Dubbed the Rugby World Cup’s unofficial “United Nations”, last year saw volunteer Māori, Pacific and Ethnic (MPE) Wardens deployed together for the first time. Their professionalism, cultural expertise and diplomacy won them a nationwide IPANZ, Public Sector Excellence Award for Crown-Māori Relationships.
“Māori Wardens have been making our communities stronger for decades, volunteering their time and expertise. More recently they have been working alongside our Pacific and Ethnic Wardens,” says Te Puni Kōkiri Project Manager, Te Rau Clarke.
“We are thrilled to see our Wardens honoured and their valuable mahi celebrated. Many don’t realise they are all volunteers who donate their time and skills to make their communities safer and better places to live in.”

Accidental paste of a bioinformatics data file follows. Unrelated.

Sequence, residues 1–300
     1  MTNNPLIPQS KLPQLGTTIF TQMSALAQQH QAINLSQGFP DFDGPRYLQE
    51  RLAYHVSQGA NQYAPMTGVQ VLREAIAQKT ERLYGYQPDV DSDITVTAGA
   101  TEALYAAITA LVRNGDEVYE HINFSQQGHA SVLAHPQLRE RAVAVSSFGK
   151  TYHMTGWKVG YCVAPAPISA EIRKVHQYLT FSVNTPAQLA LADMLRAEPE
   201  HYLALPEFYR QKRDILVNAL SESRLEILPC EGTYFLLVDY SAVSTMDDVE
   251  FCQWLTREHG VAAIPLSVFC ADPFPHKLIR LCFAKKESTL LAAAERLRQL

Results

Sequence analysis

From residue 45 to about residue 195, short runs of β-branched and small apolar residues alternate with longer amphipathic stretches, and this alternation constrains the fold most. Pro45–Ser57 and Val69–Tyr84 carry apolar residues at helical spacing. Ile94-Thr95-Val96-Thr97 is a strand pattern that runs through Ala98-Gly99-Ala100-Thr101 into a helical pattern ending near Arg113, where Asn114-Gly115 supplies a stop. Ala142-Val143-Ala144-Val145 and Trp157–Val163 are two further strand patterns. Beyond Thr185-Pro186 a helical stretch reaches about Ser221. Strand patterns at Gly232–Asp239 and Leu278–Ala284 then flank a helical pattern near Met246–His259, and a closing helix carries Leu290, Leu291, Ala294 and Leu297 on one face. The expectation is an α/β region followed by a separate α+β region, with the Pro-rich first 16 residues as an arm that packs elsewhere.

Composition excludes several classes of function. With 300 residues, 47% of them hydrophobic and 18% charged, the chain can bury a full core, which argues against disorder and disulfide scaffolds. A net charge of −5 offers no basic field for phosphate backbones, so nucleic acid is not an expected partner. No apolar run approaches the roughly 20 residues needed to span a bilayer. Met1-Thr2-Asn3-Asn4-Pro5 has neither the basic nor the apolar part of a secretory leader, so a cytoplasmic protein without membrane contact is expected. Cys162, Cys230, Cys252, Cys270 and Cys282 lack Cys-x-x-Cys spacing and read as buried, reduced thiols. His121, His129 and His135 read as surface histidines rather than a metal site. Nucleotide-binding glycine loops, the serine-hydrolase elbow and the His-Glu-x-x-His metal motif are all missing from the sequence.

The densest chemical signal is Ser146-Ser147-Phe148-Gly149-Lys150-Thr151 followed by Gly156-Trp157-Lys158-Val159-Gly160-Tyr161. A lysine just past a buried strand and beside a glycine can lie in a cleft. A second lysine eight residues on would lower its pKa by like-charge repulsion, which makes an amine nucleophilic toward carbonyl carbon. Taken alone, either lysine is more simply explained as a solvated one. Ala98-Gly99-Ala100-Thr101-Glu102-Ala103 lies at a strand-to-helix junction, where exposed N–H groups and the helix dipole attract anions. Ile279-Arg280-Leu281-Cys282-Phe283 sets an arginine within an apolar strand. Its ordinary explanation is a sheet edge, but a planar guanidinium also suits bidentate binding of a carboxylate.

A team of 114 wardens worked alongside Police patrolling four RWC 2011 fanzones across the Auckland region as 95,000 visitors converged on the city.
The MPE Wardens Deployment project was a partnership between Te Puni Kōkiri, NZ Police (via its MPES Office) and Auckland Council.
Working voluntarily at fan zones and entertainment sites, the MPE Wardens interacted with rugby fans and dealt with many minor incidents, allowing Police to focus on serious issues and crowd control. In one instance an Ethnic Warden overheard a group of intoxicated visitors arguing in their own language. The Warden calmed a situation that could have turned ugly by simply talking with them in their own language.
“This is about policing for the future - making communities safe through great partnerships and ensuring fewer victims and less crime,” says Superintendent Wally Haumaha, General Manager of MPE's.